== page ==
Several Pacific nations are bracing for heavy rains and strong winds as a tropical depression is officially upgraded to a category two cyclone.
Fiji’s Na Draki weather service said Cyclone Pam was about 1,000 kilometres north of Nadi and would bring strong winds and heavy rain.
“It’s already starting to affect northern Vanuatu and the eastern Solomons,” said meteorologist Neville Koop.
“But here in Fiji, by about late Wednesday and Thursday, we will see very heavy rain commence and continue through Friday and Saturday.
“But there is still a risk we could see the actual eye come closer to Fiji.”
Mr Koop said Cyclone Pam had the potential to develop into a severe category four or five system.
“Heavy rain and flooding, with hopefully the eye of the cyclone passing over waters to out west – that’s probably the best that we can hope for.”
The Fiji Meteorological Service has forecast Cyclone Pam to intensify into a category 3 system in the next 24 to 36 hours.
“(Cyclone Pam) is expected to track to the southwest of Fiji,” the service said on its website.
“On its projected path, Tropical Cyclone Pam is expected to lie about 800km north-west of Nadi at 8am (local time) on Wednesday morning.”
Fiji authorities concerned about infrastructure damage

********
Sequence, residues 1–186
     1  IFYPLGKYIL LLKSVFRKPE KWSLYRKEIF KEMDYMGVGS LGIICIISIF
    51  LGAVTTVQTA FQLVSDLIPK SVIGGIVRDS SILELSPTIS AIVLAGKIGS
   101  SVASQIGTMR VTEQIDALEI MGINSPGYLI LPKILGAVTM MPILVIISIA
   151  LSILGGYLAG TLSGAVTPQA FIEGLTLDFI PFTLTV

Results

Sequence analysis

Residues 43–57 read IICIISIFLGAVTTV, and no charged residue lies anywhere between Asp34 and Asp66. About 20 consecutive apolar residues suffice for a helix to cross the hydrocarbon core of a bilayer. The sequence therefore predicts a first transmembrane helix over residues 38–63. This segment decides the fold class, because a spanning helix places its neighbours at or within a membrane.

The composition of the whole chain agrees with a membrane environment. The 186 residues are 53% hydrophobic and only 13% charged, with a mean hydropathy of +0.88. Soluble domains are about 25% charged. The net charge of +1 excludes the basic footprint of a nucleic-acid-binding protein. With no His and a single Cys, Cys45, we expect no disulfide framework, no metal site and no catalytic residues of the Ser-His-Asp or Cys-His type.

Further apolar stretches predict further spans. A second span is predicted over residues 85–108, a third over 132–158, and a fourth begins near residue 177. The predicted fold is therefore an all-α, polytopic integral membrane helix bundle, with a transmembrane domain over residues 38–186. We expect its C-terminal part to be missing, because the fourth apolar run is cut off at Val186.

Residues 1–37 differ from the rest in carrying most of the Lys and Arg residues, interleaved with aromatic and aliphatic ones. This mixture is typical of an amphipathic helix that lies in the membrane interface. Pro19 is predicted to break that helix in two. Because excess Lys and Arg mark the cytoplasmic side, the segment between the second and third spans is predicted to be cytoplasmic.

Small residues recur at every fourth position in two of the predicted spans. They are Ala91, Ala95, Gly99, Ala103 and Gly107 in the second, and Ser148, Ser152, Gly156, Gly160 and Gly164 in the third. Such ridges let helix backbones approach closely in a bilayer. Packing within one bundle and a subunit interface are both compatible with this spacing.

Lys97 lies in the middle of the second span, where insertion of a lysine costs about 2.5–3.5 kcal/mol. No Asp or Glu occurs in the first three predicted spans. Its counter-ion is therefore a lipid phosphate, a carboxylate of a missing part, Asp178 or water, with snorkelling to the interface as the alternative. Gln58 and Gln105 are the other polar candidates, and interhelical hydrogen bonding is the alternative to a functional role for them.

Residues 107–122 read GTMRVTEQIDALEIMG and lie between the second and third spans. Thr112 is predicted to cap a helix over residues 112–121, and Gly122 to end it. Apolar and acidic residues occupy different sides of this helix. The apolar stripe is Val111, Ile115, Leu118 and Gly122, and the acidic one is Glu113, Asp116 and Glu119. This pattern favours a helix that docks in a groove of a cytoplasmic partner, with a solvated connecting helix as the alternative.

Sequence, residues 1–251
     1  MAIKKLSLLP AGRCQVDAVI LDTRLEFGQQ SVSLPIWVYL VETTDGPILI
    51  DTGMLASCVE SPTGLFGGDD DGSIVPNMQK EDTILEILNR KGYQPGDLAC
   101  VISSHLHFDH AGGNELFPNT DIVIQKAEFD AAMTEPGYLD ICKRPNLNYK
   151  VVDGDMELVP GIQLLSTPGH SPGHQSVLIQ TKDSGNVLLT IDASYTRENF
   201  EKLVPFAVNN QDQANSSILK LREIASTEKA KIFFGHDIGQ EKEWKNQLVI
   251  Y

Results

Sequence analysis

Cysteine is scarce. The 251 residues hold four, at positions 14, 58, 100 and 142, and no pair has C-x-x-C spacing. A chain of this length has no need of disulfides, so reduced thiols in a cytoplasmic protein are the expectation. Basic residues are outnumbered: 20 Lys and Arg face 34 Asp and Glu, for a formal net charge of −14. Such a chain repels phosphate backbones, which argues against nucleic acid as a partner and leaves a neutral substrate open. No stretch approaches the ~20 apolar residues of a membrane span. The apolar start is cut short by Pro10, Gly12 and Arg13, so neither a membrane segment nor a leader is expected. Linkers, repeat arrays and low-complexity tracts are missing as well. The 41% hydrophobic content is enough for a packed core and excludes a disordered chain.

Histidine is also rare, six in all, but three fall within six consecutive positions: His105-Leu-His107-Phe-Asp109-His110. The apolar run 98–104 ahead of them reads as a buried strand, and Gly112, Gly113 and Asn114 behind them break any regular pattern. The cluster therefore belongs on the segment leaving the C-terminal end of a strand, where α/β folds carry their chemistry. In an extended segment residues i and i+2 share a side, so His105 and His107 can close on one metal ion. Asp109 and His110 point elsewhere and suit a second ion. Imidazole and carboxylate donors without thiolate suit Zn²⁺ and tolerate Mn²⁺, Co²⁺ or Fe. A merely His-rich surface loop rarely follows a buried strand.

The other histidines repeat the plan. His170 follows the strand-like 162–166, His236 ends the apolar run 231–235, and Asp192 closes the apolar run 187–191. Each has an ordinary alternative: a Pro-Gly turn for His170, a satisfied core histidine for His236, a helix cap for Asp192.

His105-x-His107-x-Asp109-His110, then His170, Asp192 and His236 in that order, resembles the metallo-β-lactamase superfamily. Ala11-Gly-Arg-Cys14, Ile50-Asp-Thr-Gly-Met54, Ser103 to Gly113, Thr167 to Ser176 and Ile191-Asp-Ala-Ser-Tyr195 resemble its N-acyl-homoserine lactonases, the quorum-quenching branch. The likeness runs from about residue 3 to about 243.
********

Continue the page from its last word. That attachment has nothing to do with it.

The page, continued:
Authorities in Fiji have begun making preparations for the impending cyclone and resulting rains and floods.
The Disaster Management Office said it expected most residents to be prepared after having been through the devastation caused by Cyclone Evan in December 2012.
The office’s acting director, Akapusi Tuifagalele, said authorities should keep informing residents “to be alert and to be aware that it (cyclone) can be bigger than the last time”
Mr Tuifagalele told Radio Australia’s Pacific Beat program there were concerns about infrastructure damaged by the impact of Cyclone Evan.
“Although we have done most of our rehabilitation and reconstruction, there’s still some left to be done and in this kind of situation where we have a repeat nature of natural disasters like this Cyclone Pam that is moving towards Fiji,” he said.
“We would expect some of our infrastructure to be taken to task in terms of either the intensity of the wind or the flooding.
“We would expect some of our roads to be closed the bridges to be washed out and then to be repaired and reconstructed again.”